Moody, perhaps, was justified for his views about Stoke Lane, Edward’s home village. A large number of Edward’s family were known to the Somerset courts: his sister Ann was tried and acquitted of larceny in 1828; sister Jane served two months for robbery with violence in 1838; sister Mary Ann was transported Van Diemen’s Land in 1839; brother John was transported to Van Diemen’s Land in 1841 along with their brother-in-law Robert Emery (husband of Jane); and, tragically, brother George, who was originally sentenced to death, died on the Hulk hospital ship Canada in 1834 although the death is recorded for the Convict Hulk Euryalus.
While Edward, now incarcerated in Convict Hulk Stirling Castle, was doing hard labour in Portsmouth Harbour, settlers in faraway Western Australia were agitating for a Penal Settlement in the Colony. Convicts, they believed, would help overcome the chronic labour shortage and deficiencies in public infrastructure. At a large public meeting in the Perth courthouse on 10 July 1850, the gathered settlers passed resolutions thanking Earl Grey for his prompt compliance with the petition for the establishment of Penal Settlement. Indeed, the Scindian had arrived in March with 75 convicts; by the end of 1852, a further seven ships would arrive bringing a total of 1468 prisoners.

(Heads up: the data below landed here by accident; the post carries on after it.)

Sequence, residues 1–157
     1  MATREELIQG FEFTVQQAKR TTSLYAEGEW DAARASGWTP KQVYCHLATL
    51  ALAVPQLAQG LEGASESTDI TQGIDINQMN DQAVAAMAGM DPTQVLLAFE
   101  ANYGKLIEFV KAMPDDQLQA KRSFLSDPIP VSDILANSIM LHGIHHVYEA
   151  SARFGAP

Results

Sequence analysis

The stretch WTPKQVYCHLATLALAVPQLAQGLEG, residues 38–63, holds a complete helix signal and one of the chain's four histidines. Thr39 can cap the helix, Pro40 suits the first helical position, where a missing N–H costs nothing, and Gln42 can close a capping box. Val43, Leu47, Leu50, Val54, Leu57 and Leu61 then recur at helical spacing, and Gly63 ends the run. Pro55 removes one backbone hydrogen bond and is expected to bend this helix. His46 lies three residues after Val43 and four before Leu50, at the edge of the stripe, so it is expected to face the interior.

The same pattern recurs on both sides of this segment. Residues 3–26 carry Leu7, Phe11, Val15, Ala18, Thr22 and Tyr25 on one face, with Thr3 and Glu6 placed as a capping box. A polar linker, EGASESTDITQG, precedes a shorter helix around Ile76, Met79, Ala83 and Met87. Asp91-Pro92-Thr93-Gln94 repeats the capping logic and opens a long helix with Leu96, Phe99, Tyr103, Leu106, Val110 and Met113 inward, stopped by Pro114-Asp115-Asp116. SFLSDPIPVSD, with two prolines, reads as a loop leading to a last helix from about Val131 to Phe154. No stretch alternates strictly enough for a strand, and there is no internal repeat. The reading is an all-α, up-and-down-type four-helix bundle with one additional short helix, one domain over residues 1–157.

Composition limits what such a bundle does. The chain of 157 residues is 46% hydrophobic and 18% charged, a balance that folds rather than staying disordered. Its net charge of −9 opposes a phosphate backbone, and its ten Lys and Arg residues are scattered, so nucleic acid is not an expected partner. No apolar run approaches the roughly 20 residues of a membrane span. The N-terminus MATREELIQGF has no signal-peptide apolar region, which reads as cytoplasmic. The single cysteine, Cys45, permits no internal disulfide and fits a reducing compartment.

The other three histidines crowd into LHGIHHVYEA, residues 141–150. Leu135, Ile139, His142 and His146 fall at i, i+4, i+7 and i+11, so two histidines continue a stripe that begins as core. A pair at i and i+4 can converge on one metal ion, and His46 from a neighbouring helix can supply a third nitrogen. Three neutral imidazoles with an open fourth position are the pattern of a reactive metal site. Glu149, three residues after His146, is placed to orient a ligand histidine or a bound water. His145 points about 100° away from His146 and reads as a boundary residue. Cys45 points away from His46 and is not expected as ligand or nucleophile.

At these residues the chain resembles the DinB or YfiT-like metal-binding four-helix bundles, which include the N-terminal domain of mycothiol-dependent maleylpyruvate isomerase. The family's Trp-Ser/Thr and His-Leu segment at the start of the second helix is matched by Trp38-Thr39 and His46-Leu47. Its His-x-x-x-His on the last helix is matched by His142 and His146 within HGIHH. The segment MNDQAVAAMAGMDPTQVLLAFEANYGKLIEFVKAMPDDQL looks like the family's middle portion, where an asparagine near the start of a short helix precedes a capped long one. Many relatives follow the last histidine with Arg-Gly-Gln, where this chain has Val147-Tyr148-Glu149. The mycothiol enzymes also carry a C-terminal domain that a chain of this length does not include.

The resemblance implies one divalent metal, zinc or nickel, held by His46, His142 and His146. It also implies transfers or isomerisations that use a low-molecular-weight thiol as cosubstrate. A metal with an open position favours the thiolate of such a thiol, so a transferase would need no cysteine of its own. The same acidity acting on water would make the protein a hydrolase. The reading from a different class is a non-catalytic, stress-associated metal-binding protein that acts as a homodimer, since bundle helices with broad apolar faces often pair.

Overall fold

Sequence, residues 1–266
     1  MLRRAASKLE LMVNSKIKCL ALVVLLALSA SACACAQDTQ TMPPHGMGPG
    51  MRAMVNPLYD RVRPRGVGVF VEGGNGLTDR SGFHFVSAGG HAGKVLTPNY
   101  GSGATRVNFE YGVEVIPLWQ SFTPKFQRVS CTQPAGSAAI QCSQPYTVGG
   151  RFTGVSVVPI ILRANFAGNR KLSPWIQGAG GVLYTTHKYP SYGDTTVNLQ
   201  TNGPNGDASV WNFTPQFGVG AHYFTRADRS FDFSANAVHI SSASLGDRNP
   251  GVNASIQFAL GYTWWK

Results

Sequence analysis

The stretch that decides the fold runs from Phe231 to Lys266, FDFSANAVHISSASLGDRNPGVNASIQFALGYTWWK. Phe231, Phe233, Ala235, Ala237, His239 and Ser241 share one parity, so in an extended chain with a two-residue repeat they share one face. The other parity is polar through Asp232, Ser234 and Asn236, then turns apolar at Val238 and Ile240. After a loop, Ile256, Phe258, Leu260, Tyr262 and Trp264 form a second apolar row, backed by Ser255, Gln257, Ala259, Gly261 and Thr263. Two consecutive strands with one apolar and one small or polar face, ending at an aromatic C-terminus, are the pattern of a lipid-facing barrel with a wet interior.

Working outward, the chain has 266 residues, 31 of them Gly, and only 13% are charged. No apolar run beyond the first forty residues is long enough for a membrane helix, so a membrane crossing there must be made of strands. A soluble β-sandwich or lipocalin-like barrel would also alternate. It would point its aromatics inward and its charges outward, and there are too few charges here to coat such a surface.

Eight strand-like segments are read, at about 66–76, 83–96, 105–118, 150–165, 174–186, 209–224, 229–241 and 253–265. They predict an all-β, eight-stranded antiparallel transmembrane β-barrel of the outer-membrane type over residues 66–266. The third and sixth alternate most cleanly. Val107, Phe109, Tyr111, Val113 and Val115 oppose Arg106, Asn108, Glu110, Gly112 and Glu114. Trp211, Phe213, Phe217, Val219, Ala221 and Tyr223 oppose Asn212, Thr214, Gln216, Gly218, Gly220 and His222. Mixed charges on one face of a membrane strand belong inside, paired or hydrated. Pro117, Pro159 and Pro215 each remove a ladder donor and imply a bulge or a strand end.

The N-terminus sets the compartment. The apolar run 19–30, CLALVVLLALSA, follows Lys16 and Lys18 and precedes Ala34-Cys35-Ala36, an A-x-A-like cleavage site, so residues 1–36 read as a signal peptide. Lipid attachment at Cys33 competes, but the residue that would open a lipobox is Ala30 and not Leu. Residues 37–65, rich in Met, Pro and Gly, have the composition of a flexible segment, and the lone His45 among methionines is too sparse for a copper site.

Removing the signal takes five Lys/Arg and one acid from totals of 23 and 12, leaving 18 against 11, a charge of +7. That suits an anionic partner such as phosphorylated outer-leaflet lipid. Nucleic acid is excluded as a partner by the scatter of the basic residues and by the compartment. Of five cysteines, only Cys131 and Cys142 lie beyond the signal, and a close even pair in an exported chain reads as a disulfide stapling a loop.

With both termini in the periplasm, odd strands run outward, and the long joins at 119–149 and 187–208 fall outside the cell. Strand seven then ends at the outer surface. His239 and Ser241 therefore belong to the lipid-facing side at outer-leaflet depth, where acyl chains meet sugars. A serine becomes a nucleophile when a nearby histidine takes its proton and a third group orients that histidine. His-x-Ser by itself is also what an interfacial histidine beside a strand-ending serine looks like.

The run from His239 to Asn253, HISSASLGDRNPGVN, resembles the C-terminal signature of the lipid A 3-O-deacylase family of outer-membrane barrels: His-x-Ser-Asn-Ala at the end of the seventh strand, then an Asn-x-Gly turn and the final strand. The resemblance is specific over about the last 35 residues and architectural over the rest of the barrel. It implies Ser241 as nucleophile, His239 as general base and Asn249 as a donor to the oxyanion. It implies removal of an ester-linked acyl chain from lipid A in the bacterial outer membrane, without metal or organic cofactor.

Edward transferred from the Stirling Castle to the Minden which set sail 21 July 1851 arriving at Fremantle 85 days later with 301 convicts and 115 passengers, comprising 40 Enrolled Pensioner Guards and their families, aboard. Reporting to Earl Grey, Governor Fitzgerald, praising Surgeon-General John Gibson RN, advised there were only four deaths on the voyage – two children, one young sailor and one convict. Fitzgerald forwarded copies of addresses to Gibson signed by 269 convicts and on behalf of the Pensioner Guards. These addresses were published in the Perth newspapers.
The Minden convicts were granted Tickets of Leave on arrival and distributed to the various districts to seek employment with some retained for public works. It seems Edward was sent to the York district with £5/4/9convict earnings in his pocket working as a shepherd. Just nine years later, Edward was purchasing land near the Pallinup River in the Kojonup district, a location he had been taken to by Noongar people he met in York.